emember when food, shelter and clothing were the only three requirements necessary to support humanity. Well, make room for the fourth, ‘cause the Internet has arrived, and absolutely everybody needs it! Your end users, boss, suppliers, clients, practically everyone your company deals with, both internally and externally, need it for e-mail, EDI (electronic data interchange), JIT (just in time inventory), electronic commerce, distance learning, competitive information, market studies, and so on.
But – you have a network. A network that was designed to support your mission critical applications. Could it be possible? Could your network be extended to support this new requirement without major heartache, conversion or manipulation?
Well, if your network is called Frame Relay, you can leverage your existing high speed infrastructure and access the Internet now.
We don’t mean to ignore X.25, but realistically, X.25 just doesn’t cut it when it comes to the Internet. X.25 is painstakingly slow when compared to Frame Relay, and guaranteed to annoy even the most patient Internet user, particularly if the user is transmitting/receiving standard Internet-type images and files (read: large). The table below identifies X.25’s weaknesses against Frame Relay for the “large file transfer” application.
You do it with your network provider! Your network provider may offer Internet services that merge your current network high-speed infrastructure with the Internet. And your advantages ...
It is important to note that multi-purpose networks, or those that serve both “mainframe/mission-critical” and Internet-based applications, must provide sufficient bandwidth for both accesses. While individual subscriber e-mail and browsing requirements vary greatly, an initial additional 4K CIR (Committed Information Rate), for both inbound and outbound Frame paths, should be allocated for every 10-25 subscribers. Your subscribers’ individual usage will dictate whether this allocation is sufficient, over- or underkill.
The network provider kit-bag of Internet options should include:
For smaller companies with a limited number of “id’s”, subscriber services provide individual Internet id assignment for corporate and remote users. This individual ‘company’ id, assigned and maintained by network provider, permits wide area access to Internet e-mail and browser applications. The network provider hosts all customer e-mail, via an assigned host name or through a virtual domain, such as the customer’s current Internet address (i.e. customer.com/.ca). Each subscriber would access the network provider’s mail host to access their e-mail.
“1” notes the path between the Internet and the network provider’s Firewall / Server and its subscriber e-mail database. “2” notes the path from the Firewall / Server (and its subscriber e-mail database) to network provider’s Master Switch. “3” notes the path, via the Frame Relay network, from the Master Switch to the subscriber connection. “3a” refers to the mainframe or head office locations and “3b” refers to the remote user location.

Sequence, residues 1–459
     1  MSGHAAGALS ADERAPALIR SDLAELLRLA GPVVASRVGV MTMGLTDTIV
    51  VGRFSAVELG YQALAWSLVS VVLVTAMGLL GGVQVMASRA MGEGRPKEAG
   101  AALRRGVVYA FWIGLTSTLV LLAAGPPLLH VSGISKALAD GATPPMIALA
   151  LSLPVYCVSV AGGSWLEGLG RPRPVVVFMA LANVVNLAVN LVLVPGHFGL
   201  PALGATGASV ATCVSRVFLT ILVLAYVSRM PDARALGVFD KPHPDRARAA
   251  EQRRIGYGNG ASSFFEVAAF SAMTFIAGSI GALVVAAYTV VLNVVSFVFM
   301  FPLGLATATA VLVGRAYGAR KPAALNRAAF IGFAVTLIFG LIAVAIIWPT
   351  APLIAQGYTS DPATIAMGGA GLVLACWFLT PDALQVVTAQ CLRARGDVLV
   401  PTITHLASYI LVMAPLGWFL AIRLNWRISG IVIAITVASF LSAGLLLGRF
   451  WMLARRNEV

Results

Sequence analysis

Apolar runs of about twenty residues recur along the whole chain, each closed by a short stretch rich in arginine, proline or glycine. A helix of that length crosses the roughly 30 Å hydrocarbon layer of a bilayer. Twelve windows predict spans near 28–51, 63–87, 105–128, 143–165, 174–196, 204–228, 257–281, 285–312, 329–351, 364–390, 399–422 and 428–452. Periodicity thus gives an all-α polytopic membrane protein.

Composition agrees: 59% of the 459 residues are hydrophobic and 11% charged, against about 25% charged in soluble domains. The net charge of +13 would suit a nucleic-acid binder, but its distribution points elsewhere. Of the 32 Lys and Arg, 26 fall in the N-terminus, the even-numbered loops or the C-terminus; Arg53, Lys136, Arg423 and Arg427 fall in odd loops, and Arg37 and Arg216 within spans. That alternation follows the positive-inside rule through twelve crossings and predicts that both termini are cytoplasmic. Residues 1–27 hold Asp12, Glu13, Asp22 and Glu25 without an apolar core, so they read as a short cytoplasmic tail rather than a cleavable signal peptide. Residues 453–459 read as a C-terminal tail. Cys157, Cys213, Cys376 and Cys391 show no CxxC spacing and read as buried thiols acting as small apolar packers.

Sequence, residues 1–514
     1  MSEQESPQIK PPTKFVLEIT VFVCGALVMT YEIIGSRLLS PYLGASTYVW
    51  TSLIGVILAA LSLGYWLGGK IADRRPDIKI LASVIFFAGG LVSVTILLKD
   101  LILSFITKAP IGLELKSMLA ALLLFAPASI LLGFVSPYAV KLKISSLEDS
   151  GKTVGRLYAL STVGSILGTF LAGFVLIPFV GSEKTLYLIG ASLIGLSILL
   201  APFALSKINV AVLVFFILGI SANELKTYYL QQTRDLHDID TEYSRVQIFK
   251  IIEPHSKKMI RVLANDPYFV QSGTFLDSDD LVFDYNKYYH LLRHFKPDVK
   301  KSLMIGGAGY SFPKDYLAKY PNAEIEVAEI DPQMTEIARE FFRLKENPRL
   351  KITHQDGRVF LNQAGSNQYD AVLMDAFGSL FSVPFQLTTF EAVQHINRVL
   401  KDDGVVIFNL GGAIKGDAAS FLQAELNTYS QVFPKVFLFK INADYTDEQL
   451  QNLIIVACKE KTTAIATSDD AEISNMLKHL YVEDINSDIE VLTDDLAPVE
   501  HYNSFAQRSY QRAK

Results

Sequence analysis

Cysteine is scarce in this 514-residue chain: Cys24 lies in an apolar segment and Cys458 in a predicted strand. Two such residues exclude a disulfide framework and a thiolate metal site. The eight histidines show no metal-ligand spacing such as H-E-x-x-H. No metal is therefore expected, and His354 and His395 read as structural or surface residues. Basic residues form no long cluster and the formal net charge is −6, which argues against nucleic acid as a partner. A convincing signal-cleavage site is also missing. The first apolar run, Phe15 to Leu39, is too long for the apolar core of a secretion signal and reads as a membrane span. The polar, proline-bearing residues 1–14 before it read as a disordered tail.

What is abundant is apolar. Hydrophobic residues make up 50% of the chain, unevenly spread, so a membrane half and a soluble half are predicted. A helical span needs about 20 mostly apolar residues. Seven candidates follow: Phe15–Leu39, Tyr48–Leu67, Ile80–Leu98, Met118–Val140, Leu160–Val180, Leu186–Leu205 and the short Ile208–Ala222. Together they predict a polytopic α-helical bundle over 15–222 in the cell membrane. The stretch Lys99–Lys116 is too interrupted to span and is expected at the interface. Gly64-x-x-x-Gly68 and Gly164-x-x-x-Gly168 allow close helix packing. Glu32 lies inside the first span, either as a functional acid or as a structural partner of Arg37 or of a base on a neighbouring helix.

As noted in “1”, Internet ‘mail’ is received from the Internet by the Firewall/Server, and stored in the subscriber e-mail database. When the individual subscriber requests mail retrieval, as noted in “3a” and “3b”, the requests flow to the Master Switch, which are routed to the Firewall/Server (via “2”) subscriber e-mail database. E-mail is stored in the network provider’s subscriber e-mail database until retrieved by the individual subscriber. Web browsings’ route is from the individual subscriber (‘3a’ or ‘3b’), through the Frame Relay network, to the Master Switch, through the Firewall/Server, to the Internet. All non-Internet, mission-critical applications flow, bi-directionally, between the ‘mainframe’ and the remote sites.
In addition to Internet browsing, Gateway services provide corporate e-mail forwarding from the Internet to the corporate SMTP gateway. This service is ideal for:
“1” notes the path between the Internet and the network provider’s Firewall / Server and its gateway e-mail database.
“2” notes the path from the Firewall / Server (and its gateway e-mail database) to the network provider’s Master Switch.
“3” notes the path, via Frame Relay, from the Master Switch to the client “mainframe” SMTP gateway. The client’s SMTP gateway serves as the focal point for all e-mail and Internet inquires/responses.
“4” notes the destination for all corporate user Internet e-mail requests and responses.
As noted in “1”, Internet ‘mail’ is received from the Internet by the Firewall/Server, and immediately transferred to the client’s SMTP gateway, via the Master Switch and the Frame Relay network. The remote client requests mail, via the Frame Relay network (#4), from the corporate mail service (SMTP gateway). Web browsings’ route is from the individual subscribers (#4), through the Frame Relay network, to the client gateway (#3), to the Master Switch, through the Firewall/Server, to the Internet (#2 & #1). All non-Internet, mission-critical applications flow, bi-directionally, between the ‘mainframe’ and the remote sites.
Corporate web services permit the hosting of the company’s web site on the network provider’s host system. A virtual domain, per company, and directory structure is accessible by each subscribing company. Your network provider may also offer professional Web development services to assist in the development and enhancement of the Internet site.
Individual Internet services will differ per network provider. However, your Frame network’s flexibility and accessibility, beyond your ‘mission critical’ routes are your map to Internet success. So what are you waiting for, call your network provider today!